Bill joins us now from Washington.

Hi, Bill.

WILLIAM SCHNEIDER, CNN SR. POLITICAL ANALYST: Judy, you know how politicians love to use sports metaphors: the Hail Mary pass, running out the clock, the play of the week.

Well, this week, we saw sports as a political metaphor, a perfect political "Play of the Week."


(voice-over): Basketball great Michael Jordan, the man Americans call the "greatest athlete of the 20th century," came to save the nation's capital.

TED LEONSIS, CO-OWNER, WASHINGTON WIZARDS: I wanted to be the first to say, it's official: Michael Jordan is coming to Washington, D.C.

SCHNEIDER: Jordan is one of the few people who can steal the spotlight from the president of the United States. Remember a year ago when Jordan announced he was retiring from basketball? It was right on the eve of President Clinton's impeachment trial, but could the president get any attention?

UNIDENTIFIED MALE: Michael Jordan retiring is a much darker day than the president being impeached.

SCHNEIDER: This week, Jordan became president of basketball operations and part owner of the Washington Wizards, the capital's forlorn NBA franchise. Talk about cleaning up the mess in Washington. The Wizards are 12 and 28 and in last place in their division.

Washington is thrilled. Listen to the mayor.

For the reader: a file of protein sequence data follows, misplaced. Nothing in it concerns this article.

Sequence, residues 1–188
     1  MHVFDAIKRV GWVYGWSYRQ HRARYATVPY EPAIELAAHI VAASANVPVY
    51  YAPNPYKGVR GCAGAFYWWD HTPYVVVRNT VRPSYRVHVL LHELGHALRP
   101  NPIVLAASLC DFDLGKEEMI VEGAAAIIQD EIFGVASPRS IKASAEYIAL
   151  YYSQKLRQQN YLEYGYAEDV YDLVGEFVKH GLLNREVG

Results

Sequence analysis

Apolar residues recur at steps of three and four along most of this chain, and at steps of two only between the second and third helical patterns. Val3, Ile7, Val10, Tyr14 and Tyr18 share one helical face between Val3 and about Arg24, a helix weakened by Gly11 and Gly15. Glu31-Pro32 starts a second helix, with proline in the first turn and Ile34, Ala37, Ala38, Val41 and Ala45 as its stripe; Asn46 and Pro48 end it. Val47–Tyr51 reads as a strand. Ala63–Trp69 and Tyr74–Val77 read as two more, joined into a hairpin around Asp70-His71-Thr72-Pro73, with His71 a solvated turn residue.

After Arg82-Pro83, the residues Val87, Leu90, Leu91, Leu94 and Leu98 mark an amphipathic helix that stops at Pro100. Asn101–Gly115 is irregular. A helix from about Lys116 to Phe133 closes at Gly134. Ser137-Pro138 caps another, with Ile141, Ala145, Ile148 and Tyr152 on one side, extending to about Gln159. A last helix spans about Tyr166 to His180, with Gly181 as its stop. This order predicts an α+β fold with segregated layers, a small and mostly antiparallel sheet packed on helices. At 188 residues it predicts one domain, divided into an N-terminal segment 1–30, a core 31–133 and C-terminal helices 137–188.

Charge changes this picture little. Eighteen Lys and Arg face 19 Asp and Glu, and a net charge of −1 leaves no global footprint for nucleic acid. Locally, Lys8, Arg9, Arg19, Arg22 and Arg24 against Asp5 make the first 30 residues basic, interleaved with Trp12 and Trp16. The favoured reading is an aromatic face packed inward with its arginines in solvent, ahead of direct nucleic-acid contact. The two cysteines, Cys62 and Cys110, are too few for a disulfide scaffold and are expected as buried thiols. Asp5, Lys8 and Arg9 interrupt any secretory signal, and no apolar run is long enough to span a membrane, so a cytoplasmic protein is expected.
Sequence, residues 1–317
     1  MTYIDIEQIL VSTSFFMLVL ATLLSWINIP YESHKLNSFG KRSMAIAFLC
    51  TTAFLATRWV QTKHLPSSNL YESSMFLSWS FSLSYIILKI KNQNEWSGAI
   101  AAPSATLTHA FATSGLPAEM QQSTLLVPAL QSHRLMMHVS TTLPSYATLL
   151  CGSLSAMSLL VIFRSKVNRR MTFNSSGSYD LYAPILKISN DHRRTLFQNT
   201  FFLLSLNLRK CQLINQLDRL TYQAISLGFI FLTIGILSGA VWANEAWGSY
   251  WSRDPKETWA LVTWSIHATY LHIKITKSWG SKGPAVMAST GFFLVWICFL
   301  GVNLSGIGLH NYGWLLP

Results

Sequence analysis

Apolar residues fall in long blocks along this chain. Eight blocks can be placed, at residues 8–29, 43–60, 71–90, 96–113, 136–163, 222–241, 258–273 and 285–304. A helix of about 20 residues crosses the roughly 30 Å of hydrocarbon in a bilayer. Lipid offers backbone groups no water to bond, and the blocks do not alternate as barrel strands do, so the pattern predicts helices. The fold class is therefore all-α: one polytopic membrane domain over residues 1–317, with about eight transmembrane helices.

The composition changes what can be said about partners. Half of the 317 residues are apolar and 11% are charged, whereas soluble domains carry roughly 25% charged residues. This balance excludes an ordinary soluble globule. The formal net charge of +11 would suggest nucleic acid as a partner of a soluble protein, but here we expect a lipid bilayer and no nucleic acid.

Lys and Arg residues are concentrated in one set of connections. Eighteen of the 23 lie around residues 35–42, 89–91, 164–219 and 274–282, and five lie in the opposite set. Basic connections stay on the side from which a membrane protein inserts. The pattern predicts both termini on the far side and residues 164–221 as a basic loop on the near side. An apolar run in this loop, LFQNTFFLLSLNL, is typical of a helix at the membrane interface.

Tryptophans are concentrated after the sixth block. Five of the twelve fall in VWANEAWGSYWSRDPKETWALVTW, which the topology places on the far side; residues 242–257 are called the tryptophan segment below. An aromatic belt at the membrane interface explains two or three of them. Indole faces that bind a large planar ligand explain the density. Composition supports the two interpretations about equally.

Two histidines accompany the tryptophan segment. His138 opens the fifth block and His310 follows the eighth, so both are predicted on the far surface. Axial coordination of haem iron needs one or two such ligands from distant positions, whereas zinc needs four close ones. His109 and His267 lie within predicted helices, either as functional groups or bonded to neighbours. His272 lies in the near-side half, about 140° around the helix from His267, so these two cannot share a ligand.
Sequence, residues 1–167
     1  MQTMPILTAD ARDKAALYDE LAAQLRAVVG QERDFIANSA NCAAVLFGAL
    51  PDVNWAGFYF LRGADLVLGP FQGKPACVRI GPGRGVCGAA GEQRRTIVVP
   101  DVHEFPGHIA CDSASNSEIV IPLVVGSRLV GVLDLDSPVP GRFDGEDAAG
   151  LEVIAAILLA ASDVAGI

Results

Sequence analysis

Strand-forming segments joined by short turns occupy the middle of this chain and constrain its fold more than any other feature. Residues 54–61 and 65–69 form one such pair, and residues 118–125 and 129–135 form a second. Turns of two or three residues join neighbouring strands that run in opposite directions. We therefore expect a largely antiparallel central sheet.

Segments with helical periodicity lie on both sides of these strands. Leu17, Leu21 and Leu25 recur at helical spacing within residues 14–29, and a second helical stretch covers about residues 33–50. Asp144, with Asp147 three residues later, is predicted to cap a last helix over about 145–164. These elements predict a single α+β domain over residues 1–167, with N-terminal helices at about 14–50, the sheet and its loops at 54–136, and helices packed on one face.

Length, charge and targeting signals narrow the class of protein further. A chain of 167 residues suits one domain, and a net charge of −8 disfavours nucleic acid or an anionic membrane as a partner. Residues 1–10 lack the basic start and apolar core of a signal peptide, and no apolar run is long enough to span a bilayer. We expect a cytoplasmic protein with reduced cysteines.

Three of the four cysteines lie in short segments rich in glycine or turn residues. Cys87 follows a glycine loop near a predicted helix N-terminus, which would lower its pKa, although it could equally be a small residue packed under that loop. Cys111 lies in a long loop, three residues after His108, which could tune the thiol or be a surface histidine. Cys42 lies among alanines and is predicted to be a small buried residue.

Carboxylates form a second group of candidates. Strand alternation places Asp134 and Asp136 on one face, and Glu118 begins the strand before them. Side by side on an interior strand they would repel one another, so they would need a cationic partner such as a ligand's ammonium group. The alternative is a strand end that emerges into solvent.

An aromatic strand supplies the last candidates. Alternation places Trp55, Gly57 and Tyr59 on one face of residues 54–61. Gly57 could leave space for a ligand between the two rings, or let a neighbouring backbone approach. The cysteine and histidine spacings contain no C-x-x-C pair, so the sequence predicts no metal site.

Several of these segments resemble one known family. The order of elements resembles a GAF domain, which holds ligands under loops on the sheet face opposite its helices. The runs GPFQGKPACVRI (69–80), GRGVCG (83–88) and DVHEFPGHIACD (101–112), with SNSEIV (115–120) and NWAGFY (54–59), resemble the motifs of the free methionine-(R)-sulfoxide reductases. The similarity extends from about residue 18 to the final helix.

MAYOR ANTHONY WILLIAMS, WASHINGTON D.C.: It really is simply going to electrify our city.

SCHNEIDER: Listen to the people.

UNIDENTIFIED MALE: Michael Jordan is coming to the Wizards!

UNIDENTIFIED MALE: My mother called me and told me that he's going to be here tonight and I rushed down here.

SCHNEIDER: After all, there's a statue of Michael Jordan in Chicago. Ever seen a statue of Bill Clinton? But can Jordan turn this team around? He's a ferocious competitor.

MICHAEL JORDAN, WASHINGTON WIZARDS: I have an attitude about the way I play. I have an attitude about the way I win.

SCHNEIDER: He has real power to hire and fire players and choose coaches. He says what a lot of voters would like to say to public officials.

JORDAN: We've got to find a way to make sure they understand their responsibility for the checks they're being paid.

SCHNEIDER: Jordan's arrival signifies the coming to power of a new elite in Washington: high-tech entrepreneurs who are turning Washington into a venture capital capital. They're displacing the capital's old movers and shakers, the politicians and journalists.